I first heard about the concept of a blank world history timeline in the book More Charlotte Mason Education. If one follows those guidelines, each child has their own “Book of Centuries” that they keep throughout their whole education (starting maybe around 4th grade). Each century of human history is weighted equally with one page for writing and one page for pictures. Since there is such little space and this book needs to last about a decade, the child has to be very discriminating about what they actually put in their book.
Since learning about the Charlotte Mason book of centuries, I’ve seen blank timelines sold or as part of homeschooling programs. They seem like such a great idea. However, I had small issues with everything I found available. For example, in the Book of Centuries, the pages are vertical and frequently the books are bound (like a composition book where each line represents a 5 year period). I didn’t like this for 2 reasons. First, I didn’t want there to be lined divisions, because so many of the dates in ancient history are approximate. I didn’t like the idea of putting the information on an arbitrary line when the event might only be known within 100 years or so. Second, the problem with using a bound book (which was also an issue in other online world history timelines I found) is that there is no way to lay it all out and look at it at once. The sheets being vertical also is a problem if you wanted the sheets to make one large, consecutive line on the wall.
I liked the idea of having a timeline that could be viewed all at once. Granted, this free printable would be over 30 yards if you were to lay it out and no one I know has that much space available, but by using loose-leaf paper, we can hang up sections at a time as we’re learning about them.
Another feature which I thought might be useful is to divide up the timeline by continent. How often do we learn about something and have no idea what’s happening on the other side of the planet at the same time? Was the peak of the ancient Mayan civilization before or after the construction of the Great Wall of China? I honestly don’t know, but using this timeline with little world maps denoting a section for each continent, it will be easy to go back and find out.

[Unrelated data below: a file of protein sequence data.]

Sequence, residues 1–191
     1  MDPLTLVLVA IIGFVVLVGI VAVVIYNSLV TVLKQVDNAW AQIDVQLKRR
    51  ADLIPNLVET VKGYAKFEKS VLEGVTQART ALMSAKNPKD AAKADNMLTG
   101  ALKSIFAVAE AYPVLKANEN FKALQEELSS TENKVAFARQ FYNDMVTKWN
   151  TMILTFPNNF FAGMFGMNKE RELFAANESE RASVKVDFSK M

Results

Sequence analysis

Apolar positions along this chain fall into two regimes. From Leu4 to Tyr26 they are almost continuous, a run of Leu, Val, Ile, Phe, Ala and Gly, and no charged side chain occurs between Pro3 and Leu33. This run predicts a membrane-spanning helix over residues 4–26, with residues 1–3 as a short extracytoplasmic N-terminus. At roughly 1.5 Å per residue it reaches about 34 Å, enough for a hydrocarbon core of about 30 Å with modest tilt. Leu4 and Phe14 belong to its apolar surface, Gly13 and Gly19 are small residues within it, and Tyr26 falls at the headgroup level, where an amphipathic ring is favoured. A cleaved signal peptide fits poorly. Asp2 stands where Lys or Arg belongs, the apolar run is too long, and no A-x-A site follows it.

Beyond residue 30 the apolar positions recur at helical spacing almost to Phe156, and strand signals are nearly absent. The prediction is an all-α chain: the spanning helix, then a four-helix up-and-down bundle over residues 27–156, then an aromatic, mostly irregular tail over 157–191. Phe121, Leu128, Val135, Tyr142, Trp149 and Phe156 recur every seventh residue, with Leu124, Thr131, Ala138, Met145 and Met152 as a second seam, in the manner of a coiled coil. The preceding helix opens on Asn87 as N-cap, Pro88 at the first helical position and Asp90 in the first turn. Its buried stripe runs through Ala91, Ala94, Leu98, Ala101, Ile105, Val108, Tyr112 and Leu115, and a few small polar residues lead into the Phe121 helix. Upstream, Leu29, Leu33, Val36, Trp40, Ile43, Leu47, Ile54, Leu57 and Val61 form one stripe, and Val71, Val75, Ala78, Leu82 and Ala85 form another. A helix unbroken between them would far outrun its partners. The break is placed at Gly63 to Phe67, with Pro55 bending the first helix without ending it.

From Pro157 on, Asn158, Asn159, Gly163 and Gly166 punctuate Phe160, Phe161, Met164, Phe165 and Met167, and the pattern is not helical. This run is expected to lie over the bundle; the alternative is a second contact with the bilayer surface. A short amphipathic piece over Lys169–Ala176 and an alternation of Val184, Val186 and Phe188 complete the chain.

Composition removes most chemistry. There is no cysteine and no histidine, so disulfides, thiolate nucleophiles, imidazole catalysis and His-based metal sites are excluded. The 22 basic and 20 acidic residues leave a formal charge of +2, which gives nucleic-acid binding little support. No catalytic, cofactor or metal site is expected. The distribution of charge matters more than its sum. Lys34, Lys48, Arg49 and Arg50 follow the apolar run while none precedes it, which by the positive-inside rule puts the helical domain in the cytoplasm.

Now, here’s my confession. I hated history growing up. I hated all the dates and names and events we needed to memorize. I hated my textbooks and pop quizzes and exams. I hated having to take notes for so long that my hand would cramp (and I actually like taking notes). I was a good student, but of all my subjects, history was always my least favorite. As a result, I remember effectively none of the years and years of history I’ve studied, which is just embarrassing.
However, now that I’m a grown-up and no one is testing me or making me take notes, I’m finally learning to enjoy history. If I could go back and do it all over again, this blank timeline is the sort of tool I would want to put it all into context and make connections that would allow the knowledge to last in my consciousness, rather than evaporate away into nothingness as soon as humanly possible.
My kids are still too young to actually make use of this free printable timeline. Rather, this timeline is for me. I have a few years before I’ll give my oldest son his own copy to fill out over the course of his childhood. In the meantime, I’m planning to catch up. As I read to them, I’ll learn for me. If all goes according to plan, I’ll use this timeline over the next several years, retain the key points I want to remember, and my kids will never know what an idiot I currently am when it comes to world history.